One of my favorite places in Boca Raton, where I live is the Boca Beach Club. While I have never had the privilege of frequenting the establishment as a hotel guest or member (I don't have that kind of money lying around). I worked as a beach server there for sometime and benefited greatly from the people who had the money to be ordering $15 cocktails from me while napping on a day bed that was costing them over $100 for the day.
Despite walking miles in the sand from my tiki hut to guests and back with trays full of sugary drinks covered head to toe in sweat and sand, I enjoyed that job. There was one week though that ended it all for me though. I could handle almost always having sunscreen or sand in my eye and the weird tan I was getting from my uniform, but the red tide... it was too much for me.
Back in October something entered the waters of Boca beaches much worse than any shark or sinister sea monster. Red Tide took over the water. Red Tide is a tiny little organism known as Gymnodinium Breve in the scientific world and is a common alga. These algae emit a toxic gas that combines with sea spray to become a noxious gas causing respiratory issues in any living animal on the coastlines. These blooms of algae make fish toxic to eat, cause mass die outs of marine life, and oxidation of the water. Swimming in the ocean when red tide is present is off limits and public beaches close at once.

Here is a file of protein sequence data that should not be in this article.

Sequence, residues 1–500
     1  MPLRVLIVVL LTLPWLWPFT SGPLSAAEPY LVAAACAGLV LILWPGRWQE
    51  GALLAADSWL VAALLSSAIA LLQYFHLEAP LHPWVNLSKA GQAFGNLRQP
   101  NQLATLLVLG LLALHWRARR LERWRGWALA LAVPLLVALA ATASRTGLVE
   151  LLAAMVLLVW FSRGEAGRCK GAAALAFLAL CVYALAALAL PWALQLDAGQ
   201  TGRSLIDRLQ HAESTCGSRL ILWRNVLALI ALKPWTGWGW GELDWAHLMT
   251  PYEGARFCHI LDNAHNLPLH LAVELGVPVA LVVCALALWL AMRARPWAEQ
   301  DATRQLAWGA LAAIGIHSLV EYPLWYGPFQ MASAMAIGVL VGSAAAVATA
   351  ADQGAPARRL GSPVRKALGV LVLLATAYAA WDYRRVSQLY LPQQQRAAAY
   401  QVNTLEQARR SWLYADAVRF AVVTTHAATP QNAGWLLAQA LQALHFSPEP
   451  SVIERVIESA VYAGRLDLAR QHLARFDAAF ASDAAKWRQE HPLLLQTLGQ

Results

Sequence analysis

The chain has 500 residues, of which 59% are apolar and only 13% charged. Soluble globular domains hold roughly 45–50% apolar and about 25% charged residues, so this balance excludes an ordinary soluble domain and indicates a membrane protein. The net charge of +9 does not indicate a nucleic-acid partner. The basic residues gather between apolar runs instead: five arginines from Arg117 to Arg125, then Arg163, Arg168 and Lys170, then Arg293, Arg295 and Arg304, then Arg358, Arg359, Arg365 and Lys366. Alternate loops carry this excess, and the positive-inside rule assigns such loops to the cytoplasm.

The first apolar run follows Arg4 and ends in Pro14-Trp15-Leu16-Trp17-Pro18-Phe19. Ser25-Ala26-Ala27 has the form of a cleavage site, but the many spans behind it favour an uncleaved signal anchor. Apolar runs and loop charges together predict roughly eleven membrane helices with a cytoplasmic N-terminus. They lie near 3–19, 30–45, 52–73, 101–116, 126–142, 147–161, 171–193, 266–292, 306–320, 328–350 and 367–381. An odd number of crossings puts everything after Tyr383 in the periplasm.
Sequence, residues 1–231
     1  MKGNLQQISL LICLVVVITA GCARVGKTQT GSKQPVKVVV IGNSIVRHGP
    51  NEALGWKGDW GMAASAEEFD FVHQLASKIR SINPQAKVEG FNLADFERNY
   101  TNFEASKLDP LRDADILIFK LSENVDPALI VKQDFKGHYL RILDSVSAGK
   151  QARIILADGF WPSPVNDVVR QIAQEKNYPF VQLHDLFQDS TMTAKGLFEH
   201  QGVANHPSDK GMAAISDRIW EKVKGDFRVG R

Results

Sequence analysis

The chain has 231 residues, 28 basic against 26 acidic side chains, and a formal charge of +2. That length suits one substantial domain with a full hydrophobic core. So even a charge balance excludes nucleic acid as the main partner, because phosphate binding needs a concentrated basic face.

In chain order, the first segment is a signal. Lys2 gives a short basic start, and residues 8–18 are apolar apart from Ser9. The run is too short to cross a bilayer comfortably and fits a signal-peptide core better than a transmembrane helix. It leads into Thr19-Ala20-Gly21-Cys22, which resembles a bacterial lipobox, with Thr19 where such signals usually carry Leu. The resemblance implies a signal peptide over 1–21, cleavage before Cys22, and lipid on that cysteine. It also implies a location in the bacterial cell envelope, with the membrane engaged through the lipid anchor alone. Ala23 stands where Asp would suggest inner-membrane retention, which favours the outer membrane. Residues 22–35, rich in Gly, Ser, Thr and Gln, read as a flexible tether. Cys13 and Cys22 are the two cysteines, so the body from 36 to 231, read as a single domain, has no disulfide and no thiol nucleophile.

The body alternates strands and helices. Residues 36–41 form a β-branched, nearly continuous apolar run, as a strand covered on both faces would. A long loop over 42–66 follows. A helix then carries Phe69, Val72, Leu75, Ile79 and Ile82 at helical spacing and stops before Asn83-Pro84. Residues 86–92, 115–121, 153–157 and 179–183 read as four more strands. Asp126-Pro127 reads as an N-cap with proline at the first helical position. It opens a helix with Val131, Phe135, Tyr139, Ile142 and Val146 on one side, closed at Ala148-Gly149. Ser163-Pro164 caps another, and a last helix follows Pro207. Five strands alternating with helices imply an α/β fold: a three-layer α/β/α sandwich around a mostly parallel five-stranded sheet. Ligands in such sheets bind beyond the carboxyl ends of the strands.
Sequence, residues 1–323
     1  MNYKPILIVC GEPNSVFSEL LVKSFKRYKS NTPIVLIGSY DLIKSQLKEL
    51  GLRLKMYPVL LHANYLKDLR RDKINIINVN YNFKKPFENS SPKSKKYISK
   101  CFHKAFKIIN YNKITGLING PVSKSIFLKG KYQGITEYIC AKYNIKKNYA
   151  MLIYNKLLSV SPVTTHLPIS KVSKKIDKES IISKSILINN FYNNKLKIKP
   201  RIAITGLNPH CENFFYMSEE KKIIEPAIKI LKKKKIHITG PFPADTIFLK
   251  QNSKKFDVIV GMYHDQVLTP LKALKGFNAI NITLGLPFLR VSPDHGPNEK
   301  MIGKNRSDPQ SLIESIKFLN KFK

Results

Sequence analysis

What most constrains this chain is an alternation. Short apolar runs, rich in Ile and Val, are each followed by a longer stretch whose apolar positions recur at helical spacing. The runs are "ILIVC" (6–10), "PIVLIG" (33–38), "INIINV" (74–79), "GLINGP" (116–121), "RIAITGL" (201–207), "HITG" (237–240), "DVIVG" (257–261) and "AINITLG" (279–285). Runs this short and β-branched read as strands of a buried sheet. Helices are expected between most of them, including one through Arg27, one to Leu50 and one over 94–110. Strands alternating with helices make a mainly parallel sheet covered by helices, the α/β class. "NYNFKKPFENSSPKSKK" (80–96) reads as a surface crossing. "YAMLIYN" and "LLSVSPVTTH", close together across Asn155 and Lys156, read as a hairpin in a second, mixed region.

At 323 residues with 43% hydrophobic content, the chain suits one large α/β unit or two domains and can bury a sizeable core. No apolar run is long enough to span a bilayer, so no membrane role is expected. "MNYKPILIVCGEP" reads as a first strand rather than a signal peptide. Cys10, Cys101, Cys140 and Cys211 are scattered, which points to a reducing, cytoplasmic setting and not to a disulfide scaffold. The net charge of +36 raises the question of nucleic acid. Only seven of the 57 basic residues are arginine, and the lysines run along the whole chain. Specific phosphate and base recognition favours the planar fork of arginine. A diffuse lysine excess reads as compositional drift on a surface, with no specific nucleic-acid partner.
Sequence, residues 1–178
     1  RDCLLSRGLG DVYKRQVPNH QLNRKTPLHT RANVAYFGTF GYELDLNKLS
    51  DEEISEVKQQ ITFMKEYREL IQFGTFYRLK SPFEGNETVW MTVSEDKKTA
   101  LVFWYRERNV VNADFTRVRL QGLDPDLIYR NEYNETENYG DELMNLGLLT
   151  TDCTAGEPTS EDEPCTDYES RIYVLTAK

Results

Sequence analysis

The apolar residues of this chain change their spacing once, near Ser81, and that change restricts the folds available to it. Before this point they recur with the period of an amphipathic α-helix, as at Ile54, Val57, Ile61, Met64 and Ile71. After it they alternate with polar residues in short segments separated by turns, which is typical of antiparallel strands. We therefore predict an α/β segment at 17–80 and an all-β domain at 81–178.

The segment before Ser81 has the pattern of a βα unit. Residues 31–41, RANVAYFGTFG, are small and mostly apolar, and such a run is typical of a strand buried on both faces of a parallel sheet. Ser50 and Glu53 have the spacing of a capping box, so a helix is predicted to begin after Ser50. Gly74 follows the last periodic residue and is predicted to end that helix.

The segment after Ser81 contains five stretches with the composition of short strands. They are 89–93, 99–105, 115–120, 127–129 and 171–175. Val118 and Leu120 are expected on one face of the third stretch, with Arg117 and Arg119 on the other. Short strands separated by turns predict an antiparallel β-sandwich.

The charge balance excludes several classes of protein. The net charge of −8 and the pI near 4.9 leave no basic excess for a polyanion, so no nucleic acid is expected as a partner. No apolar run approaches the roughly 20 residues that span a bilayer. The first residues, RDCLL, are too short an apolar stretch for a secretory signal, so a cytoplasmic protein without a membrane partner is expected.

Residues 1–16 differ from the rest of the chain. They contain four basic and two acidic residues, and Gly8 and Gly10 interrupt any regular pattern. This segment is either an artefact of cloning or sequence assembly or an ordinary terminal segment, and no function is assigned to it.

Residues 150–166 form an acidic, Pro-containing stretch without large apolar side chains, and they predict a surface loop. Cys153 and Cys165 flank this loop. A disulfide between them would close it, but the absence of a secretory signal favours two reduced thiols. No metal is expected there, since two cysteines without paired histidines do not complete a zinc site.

For a beachfront hotel property, not being able to use the beach equals the loss of thousands of dollars. They were relentless though. They kept the pools open and the beach workers still had to come in case someone walked down to grab a drink. As soon as I stepped out of my car into the parking lot at the club, I started coughing. My coworker coughed so much he popped blood vessels in his eyes! My managers were all wearing surgical masks, but the hotel industry never sleeps and a day of money lost is like the loss of a close friend. So they told us to act nonchalant and keep on with business as normal. It's hard when you can't breathe, to smile and say everything is fine. Really hard.
Alas, that is the beach life though. The property lost an uncountable amount of money those weeks. While I don't know the exact money lost by the hotel, I do know that a research plan submitted to congress in 2001 estimated the total economic loss between 1987 and 1982 to be roughly $49 million annually! Being beach side, companies expose themselves to natural disasters like hurricanes and sometimes rogue sharks. The saddest thing about the risk of red tide is that it's man made. Red tide is a result of nutrient pollution. Nutrient pollution is from runoff carrying nitrogen and phosphorus from fertilizer, manure, and atmospheric deposition across water sheds and right into our streams, lakes, and oceans. This basically gives the algae an infinite food source swelling their populations to toxic blooms visible from space.
Red Tide is a scary risk that is looming over my beach club and all the Florida coastline. The industries here suffer from farmers carelessness, and some are even physically ill and gasping for air because of it.